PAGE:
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Receivables Exchange, LLC v. Advanced Technology Services, Inc.

United States District Court, E.D. Louisiana

November 6, 2014

THE RECEIVABLES EXCHANGE, LLC,
v.
ADVANCED TECHNOLOGY SERVICES, INC., ET AL

ORDER AND REASONS

JANE TRICHE MILAZZO, District Judge.

Before the Court is a Motion for Default Judgment (R. Doc. 20). For the following reasons, the Motion is GRANTED.

BACKGROUND

This is a civil action for breach of contract. Plaintiff The Receivables Exchange, LLC ("TRE") operates an exchange in New Orleans, Louisiana through which businesses can sell certain debts owed to the business by its customers ("receivables"). A business wishing to sell receivables through TRE must enter into a contract. This contract, which all buyers and sellers execute, governs the sale of receivables through TRE. Defendant, Advanced Technology Services, Inc. ("ATS"), executed this contract and registered several receivables for sale through TRE. The contract provides, inter alia, that a seller may be obliged to repurchase a receivable sold through TRE if the debtor fails to make timely payment after the receivable is sold. ATS successfully sold several receivables through TRE. After the receivables were sold, the debtors on the receivables failed to tender timely payment to the buyers. This obligated ATS to repurchase the receivables as provided in the contract. When ATS failed to do so, TRE filed the instant suit to collect the repurchase price.[1] Despite being served with the complaint, ATS failed to answer or otherwise respond. Upon motion of TRE, the clerk of court entered default. TRE now moves for default judgment.

LEGAL STANDARD

Rule 55(a) requires the clerk of court to enter default against a party that has failed to plead or otherwise respond to the plaintiff's complaint.[2] Once the clerk has entered default, the plaintiff may move for default judgment.[3] If the plaintiff's claim is for a sum certain and the defendant has not appeared in court and is neither a minor nor an incompetent, the motion may be directed to the clerk of court.[4] "In all other cases, " the motion must be filed with the district court.[5] The district court may not enter default judgment without a hearing unless the sum claimed is liquidated or capable of mathematical calculation.[6] In adjudicating the instant Motion, the Court is mindful that "[d]efault judgments are a drastic remedy" and should only be entered in "extreme situations."[7]

LAW AND ANALYSIS

Before entering default judgment, the Fifth Circuit has admonished district courts to examine the basis of jurisdiction "both over the subject matter and the parties."[8] In accordance with this mandate, the Court first examines jurisdiction.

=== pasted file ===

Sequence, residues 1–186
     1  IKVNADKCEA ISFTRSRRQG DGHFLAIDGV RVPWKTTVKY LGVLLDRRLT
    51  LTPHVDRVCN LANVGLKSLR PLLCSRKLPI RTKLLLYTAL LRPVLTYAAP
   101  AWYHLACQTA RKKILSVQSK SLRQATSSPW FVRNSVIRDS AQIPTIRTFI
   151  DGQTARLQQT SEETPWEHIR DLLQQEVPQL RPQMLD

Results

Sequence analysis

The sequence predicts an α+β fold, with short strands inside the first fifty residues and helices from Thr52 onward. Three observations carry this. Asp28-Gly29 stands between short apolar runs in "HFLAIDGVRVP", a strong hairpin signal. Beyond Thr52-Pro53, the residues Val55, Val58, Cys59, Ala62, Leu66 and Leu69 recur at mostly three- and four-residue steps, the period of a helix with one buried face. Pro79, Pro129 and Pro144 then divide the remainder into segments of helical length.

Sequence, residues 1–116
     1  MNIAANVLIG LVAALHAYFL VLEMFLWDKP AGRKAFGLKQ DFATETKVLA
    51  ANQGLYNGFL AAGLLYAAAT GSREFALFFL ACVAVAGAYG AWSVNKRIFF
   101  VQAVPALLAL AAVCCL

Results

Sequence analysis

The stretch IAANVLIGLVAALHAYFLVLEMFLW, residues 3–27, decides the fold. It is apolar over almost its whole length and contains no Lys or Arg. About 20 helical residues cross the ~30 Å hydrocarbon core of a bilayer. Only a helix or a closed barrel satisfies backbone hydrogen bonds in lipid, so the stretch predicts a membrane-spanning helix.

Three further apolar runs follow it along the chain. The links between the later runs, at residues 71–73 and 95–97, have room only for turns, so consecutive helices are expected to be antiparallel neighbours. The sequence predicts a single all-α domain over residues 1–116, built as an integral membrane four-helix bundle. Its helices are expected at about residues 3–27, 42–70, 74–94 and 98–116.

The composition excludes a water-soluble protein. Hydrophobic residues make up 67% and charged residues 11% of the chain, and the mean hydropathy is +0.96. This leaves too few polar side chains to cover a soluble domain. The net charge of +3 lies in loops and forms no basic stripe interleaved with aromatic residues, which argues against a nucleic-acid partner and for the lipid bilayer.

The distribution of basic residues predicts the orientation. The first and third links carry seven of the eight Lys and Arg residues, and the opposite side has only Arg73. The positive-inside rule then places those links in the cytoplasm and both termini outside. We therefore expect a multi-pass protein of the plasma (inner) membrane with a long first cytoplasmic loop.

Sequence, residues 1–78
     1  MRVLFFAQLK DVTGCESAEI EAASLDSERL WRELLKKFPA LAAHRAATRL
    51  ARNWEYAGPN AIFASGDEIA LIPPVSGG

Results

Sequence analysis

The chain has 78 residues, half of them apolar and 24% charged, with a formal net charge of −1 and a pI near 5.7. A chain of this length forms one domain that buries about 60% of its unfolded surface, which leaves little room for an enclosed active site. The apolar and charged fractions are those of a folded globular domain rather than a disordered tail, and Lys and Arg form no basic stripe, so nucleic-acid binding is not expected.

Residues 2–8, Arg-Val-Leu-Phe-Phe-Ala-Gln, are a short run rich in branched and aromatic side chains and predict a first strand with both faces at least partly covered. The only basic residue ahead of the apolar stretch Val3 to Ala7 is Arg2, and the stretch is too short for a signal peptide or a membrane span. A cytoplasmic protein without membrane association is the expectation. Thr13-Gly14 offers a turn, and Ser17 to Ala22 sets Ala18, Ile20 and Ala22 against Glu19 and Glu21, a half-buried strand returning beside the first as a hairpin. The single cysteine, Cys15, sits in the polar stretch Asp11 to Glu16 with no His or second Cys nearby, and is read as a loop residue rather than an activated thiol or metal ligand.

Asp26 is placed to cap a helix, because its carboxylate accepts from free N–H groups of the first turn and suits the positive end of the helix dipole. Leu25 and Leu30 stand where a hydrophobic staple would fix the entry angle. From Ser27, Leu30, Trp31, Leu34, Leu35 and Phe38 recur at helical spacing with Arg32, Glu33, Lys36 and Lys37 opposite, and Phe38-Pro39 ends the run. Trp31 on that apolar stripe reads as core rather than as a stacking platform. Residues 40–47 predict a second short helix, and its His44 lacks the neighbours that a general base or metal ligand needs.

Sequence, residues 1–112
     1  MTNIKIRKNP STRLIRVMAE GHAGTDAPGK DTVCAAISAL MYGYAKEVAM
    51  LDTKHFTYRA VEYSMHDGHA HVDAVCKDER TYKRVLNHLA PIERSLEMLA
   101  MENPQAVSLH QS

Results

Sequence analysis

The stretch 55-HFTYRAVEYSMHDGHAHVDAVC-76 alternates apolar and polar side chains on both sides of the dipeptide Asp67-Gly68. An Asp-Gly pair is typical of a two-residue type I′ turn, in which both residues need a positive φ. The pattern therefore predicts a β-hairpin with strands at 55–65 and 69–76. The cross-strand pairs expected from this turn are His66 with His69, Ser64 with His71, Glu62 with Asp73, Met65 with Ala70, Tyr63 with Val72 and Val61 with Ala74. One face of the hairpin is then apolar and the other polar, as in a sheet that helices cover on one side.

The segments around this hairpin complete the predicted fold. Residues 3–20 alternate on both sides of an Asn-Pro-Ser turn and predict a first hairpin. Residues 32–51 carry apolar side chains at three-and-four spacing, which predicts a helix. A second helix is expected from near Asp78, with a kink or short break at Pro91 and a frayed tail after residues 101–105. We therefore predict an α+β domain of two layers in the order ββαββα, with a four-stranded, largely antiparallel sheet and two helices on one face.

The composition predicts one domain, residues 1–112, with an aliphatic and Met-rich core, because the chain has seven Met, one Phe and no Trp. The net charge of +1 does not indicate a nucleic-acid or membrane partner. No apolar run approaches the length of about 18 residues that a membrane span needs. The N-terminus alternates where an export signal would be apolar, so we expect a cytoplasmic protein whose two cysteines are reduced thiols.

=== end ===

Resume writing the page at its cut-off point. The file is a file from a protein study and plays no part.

I. Jurisdiction

Subject matter jurisdiction in this case is premised upon diversity of citizenship. The Court may not exercise diversity jurisdiction unless the parties are completely diverse and the amount in controversy exceeds $75, 000.[9] As explained more fully below, both of these requirements are met.

"The concept of complete diversity requires that all persons on one side of the controversy be citizens of different states than all persons on the other side."[10] A corporation is deemed a citizen of (1) its state of incorporation, and (2) the state in which its principal place of business is located.[11] Unlike corporations, the "citizenship of a LLC is determined by the citizenship of all of its members."[12]

TRE alleges that it is an LLC. The sole member of TRE is The New Orleans Exchange, Inc., a Delaware corporation with its principal place of business in New York City. TRE further alleges that ATS is a Georgia Corporation with its principal place of business in Georgia. Accepting these allegations as true, [13] TRE is a citizen of Delaware and New York, and ATS is a citizen of Georgia. Thus, the parties are completely diverse. Moreover, the amount in controversy clearly exceeds $75, 000 as TRE seeks a judgment in excess of one million dollars.

The Court may also exercise personal jurisdiction over ATS. Jurisdiction over a non-resident defendant is proper when (1) the defendant is amenable to service of process under the long-arm statute of the forum state; and (2) the exercise of personal jurisdiction is consistent with the Due Process Clause of the Fourteenth Amendment.[14] In the instant case, "these two inquiries merge into one because Louisiana's long-arm statute permits service of process coterminous with the scope of the due process clause."[15]

"The Due Process Clause of the Fourteenth Amendment protects a corporation, as it does an individual, against being made subject to the binding judgments of a forum with which it has established no meaningful contacts, ties, or relations.'"[16] A court may exercise personal jurisdiction over a non-resident defendant when (1) the defendant has purposefully availed itself of the benefits and protections of the forum state by establishing "minimum contacts" with the forum state; and (2) ...


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